As a member of the Northeast Regional Ocean Council (NROC), NHCP is working with other Northeast state coastal zone management programs and The Nature Conservancy Massachusetts (TNC-MA) to advance understanding of living shoreline approaches in New England. Additional New Hampshire partners on this work include the Great Bay Stewards, GBNERR, and the University of New Hampshire, and funds were provided by NOAA's Office for Coastal Management.  

 Dune grass planted in sand with a person in the background.

State of the Practice of Living Shorelines in New England 

In Phase I of the regional living shoreline efforts, project partners published a “Living Shorelines State of the Practice Report,” developed profiles for living shoreline archetypes, evaluated regulatory issues associated with living shoreline practices, hosted workshops, and worked with local communities and stakeholders to advance living shoreline projects.

Access the State of the Practice Report and Living Shoreline Profile Pages  

A vehicle, trays of salt marsh plants ready to plant, buckets, and other equipment at a living shoreline site. 

Applying and Monitoring Living Shoreline Projects in New England

In Phase II of regional living shoreline efforts, the Northeast state coastal zone management programs are working with NROC and TNC-MA to build living shoreline projects and implement consistent regional monitoring approaches that enable comparison of project effectiveness across states.  

Read more about Phase II  

Pilot Projects

Pilot projects in coastal New Hampshire are in various phases of construction and monitoring. Sites include fringe salt marsh restoration at North Mill Pond in Portsmouth, a rip rap replacement with fringe marsh creation at Cutts Cove in Portsmouth, an erosion management fringe marsh creation at Wagon Hill Farm in Durham, and dune enhancement in Hampton and Seabrook. The Coastal Program is working with partners at the University of New Hampshire (UNH), including UNH Extension and NH Sea Grant, as well as the Great Bay Stewards and GBNERR, to provide assistance to coastal landowners and professionals interested in utilizing living shoreline approaches.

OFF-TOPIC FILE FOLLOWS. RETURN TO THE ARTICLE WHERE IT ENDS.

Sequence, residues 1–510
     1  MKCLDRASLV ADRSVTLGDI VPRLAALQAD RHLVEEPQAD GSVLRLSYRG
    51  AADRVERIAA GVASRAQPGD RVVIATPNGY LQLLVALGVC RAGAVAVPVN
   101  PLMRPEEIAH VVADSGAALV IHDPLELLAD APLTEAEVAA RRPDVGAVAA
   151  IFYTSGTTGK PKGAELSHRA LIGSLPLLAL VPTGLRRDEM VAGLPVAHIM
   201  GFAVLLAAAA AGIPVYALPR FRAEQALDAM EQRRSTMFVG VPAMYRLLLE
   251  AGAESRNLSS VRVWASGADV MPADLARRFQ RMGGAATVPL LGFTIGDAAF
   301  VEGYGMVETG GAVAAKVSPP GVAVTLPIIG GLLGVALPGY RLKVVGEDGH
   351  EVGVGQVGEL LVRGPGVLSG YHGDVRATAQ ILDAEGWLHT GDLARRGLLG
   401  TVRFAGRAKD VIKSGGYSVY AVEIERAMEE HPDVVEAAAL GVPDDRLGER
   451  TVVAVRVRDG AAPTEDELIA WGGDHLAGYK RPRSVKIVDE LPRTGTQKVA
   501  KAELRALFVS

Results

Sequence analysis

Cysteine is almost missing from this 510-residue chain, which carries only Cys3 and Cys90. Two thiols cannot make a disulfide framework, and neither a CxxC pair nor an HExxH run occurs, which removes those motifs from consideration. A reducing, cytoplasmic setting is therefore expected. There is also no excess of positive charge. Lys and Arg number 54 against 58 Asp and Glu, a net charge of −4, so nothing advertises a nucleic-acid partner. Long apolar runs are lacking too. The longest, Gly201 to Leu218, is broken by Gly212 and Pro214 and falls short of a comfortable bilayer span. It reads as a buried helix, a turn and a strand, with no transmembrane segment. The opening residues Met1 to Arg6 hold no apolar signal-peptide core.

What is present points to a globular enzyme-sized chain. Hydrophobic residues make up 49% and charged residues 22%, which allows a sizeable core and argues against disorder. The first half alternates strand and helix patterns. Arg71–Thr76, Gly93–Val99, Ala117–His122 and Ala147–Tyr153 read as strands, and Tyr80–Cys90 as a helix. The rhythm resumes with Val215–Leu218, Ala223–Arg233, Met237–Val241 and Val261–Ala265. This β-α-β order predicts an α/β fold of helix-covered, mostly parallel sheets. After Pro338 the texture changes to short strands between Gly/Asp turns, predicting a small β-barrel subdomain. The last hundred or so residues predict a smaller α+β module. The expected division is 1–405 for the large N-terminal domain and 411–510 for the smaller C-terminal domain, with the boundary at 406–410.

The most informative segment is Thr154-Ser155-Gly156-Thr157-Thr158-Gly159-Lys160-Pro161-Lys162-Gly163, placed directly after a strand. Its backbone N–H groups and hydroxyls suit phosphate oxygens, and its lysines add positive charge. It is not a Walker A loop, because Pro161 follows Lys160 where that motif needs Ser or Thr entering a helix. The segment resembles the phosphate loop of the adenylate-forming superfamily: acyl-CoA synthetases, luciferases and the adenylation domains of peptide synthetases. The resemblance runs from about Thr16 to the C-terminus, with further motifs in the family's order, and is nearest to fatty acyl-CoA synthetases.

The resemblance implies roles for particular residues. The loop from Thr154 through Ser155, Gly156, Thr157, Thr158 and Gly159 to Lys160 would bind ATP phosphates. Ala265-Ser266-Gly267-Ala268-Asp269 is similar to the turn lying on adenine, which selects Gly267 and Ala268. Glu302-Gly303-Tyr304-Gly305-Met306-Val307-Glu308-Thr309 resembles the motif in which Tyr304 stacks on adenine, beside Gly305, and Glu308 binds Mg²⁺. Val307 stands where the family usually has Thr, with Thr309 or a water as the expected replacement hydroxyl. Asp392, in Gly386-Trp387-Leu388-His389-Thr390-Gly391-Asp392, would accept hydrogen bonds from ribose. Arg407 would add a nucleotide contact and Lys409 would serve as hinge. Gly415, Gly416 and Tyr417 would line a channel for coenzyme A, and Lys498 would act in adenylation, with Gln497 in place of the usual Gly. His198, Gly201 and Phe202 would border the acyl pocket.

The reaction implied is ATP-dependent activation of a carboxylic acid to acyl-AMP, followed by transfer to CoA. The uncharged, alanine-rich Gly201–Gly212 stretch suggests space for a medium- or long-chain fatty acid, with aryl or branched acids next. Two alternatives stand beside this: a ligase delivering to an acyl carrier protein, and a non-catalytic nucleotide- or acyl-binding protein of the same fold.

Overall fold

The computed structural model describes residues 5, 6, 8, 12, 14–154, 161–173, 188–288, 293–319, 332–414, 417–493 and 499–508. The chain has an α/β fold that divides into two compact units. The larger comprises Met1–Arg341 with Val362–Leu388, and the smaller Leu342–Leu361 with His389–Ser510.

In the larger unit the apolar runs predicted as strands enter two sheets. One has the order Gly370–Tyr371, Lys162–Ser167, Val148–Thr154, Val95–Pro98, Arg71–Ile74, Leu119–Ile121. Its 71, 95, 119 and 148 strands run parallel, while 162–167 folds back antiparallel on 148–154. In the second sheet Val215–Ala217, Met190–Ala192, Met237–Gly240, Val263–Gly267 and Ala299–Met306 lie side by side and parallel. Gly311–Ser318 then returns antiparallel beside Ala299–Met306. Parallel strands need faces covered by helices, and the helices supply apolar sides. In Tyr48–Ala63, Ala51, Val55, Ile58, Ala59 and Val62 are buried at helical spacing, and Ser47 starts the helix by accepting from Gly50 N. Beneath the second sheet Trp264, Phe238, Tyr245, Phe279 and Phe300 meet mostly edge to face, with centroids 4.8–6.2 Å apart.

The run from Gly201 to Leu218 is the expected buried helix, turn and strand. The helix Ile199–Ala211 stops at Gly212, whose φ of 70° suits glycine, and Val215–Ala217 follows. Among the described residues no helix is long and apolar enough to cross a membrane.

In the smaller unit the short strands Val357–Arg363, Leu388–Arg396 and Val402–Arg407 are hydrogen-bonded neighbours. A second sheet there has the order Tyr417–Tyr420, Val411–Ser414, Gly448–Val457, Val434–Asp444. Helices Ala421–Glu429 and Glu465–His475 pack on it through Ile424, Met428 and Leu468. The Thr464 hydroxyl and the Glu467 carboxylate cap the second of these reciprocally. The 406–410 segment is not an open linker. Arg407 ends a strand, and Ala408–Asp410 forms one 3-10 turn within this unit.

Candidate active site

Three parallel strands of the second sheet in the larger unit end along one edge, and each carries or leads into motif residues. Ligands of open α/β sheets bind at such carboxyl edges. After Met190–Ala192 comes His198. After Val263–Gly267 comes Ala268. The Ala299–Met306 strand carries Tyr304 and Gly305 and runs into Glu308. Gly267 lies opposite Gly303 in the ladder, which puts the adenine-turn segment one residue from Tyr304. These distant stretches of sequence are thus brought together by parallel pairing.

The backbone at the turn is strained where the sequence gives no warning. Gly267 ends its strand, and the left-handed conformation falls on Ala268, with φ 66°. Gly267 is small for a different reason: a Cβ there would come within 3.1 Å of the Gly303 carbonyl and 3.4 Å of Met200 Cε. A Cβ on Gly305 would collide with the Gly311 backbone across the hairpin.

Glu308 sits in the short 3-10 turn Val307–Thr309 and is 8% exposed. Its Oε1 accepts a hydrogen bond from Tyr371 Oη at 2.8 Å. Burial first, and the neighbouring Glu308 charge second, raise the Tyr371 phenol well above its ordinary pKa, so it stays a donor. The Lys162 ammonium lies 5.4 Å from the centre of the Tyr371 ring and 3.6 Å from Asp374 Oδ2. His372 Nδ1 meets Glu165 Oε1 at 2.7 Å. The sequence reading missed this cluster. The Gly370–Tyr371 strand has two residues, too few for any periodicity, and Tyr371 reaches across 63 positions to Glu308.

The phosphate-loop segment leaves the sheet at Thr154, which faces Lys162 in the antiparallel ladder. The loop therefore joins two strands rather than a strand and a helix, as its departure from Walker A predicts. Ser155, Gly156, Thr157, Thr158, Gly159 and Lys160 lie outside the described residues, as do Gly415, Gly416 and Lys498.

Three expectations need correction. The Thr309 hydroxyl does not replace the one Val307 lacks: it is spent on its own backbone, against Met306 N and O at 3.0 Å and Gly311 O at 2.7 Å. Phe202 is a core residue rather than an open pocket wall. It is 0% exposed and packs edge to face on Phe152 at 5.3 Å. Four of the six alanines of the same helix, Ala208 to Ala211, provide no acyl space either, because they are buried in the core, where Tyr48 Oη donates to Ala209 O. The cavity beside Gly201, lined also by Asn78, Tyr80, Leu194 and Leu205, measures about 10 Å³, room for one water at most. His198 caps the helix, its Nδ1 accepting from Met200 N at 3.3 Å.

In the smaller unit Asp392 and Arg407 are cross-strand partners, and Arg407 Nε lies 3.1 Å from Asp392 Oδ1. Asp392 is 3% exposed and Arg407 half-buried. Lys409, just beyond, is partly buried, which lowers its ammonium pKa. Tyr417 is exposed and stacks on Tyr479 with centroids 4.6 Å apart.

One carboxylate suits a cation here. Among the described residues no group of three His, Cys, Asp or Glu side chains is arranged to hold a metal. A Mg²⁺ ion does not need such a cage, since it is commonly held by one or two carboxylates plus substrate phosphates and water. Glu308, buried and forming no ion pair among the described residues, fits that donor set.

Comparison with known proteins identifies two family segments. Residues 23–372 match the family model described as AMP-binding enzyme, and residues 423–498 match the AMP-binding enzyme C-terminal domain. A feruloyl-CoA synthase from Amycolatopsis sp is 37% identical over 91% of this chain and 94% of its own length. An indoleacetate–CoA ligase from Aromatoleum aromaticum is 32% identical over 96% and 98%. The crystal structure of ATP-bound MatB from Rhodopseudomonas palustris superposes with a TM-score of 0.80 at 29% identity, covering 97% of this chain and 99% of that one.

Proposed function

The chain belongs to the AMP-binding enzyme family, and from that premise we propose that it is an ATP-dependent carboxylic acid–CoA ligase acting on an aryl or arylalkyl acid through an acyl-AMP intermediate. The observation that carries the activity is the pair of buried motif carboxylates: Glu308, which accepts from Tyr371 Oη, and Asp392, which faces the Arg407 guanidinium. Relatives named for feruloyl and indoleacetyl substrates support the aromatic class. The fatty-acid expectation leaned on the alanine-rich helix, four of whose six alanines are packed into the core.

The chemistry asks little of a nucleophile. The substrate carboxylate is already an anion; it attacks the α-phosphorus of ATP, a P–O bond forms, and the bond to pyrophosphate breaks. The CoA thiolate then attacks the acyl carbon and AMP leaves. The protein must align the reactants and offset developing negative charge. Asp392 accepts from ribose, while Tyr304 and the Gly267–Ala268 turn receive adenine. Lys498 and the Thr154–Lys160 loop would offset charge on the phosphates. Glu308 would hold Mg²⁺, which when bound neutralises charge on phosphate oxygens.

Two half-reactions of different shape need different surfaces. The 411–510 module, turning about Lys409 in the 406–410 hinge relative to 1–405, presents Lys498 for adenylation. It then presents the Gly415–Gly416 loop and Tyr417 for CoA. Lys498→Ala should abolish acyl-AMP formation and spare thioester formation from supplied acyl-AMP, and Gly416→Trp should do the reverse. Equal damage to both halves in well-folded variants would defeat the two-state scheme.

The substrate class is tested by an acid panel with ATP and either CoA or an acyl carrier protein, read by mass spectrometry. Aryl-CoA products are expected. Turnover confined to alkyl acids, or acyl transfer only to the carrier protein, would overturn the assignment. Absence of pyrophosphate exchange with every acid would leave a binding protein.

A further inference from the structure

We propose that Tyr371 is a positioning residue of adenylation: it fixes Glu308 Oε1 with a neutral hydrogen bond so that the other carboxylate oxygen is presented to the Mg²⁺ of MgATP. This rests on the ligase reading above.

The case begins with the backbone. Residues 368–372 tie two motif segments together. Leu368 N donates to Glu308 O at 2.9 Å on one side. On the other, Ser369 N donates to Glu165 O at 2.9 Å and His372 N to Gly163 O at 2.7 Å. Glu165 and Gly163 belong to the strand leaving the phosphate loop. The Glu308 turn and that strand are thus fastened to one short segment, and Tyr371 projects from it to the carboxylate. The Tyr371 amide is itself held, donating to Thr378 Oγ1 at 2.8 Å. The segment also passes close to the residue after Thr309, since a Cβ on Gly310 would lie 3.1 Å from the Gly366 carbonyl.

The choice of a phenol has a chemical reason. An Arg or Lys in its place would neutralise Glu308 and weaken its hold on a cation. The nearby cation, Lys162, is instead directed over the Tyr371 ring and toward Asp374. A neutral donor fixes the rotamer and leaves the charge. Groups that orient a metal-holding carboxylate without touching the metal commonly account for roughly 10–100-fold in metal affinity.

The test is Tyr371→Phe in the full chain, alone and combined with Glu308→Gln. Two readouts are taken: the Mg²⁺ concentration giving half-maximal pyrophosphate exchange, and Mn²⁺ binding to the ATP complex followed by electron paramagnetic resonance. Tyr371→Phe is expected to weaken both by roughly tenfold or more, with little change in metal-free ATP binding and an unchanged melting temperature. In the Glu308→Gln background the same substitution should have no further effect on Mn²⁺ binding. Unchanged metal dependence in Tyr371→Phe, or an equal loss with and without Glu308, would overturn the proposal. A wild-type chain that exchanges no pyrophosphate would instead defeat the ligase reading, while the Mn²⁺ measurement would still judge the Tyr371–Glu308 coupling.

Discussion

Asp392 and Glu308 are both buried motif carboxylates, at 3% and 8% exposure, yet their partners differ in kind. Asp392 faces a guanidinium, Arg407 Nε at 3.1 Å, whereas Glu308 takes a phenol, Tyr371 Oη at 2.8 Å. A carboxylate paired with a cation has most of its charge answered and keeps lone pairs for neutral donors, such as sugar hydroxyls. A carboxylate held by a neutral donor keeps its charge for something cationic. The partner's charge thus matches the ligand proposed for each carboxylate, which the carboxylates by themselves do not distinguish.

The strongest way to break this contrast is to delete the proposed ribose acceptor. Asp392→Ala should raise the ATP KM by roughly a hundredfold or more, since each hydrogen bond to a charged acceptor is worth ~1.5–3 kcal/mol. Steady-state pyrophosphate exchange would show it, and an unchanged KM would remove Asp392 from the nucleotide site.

Volunteers, mostly children, planting dune grass.

Enhancing habitat and storm protection in Hampton and Seabrook 

Dune restoration living shoreline work has been ongoing in Hampton and Seabrook for several years to enhance habitat and provide erosion control and storm protection benefits. Monitoring is ongoing at the sites. For opportunities to assist with dune restoration, follow the Coastal Research Volunteers at New Hampshire Sea Grant.  

Aerial drone image of the Wagon Hill Farm living shoreline site completed.

Wagon Hill Farm erosion management project 

A fringe salt marsh living shoreline erosion management project was constructed at Wagon Hill Farm in Durham, New Hampshire in 2019. Efforts to monitor project success continue for five years. 

Read more about the project here  

Salt marsh plants at the Cutts Cove living shoreline site, bridge in the background.

Cutts Cove fringe salt marsh project 

A fringe salt marsh living shoreline restoration project was constructed at Cutts Cove in Portsmouth, New Hampshire. Monitoring continues at the site. 

Read more about the project here  

Coastal Landowner Technical Assistance Program

The Coastal Landowner Technical Assistance Program (LTAP) provides consistent assistance to interested coastal landowners to help understand coastal flood and erosion risks and restoration opportunities, clarify goals for managing their property, and identify conceptual options that may enhance the resilience of their properties, neighborhoods and community's natural resources. LTAP provides site visits to participating properties along with targeted risk assessment and guidance information. If you are a coastal landowner interested participating in LTAP, please contact us.

The Living Shoreline Professionals Network

The Living Shoreline Professionals Network is a group of practitioners, including but not limited to coastal engineers, project managers, contractors, landscape architects and other landscape professionals, interested in applying living shoreline approaches in their work. The group meets quarterly to discuss projects, issues and opportunities. If you are a professional interested in networking with others involved in living shoreline work, please contact us.

Watershed-Management
Resilience Program Coordinator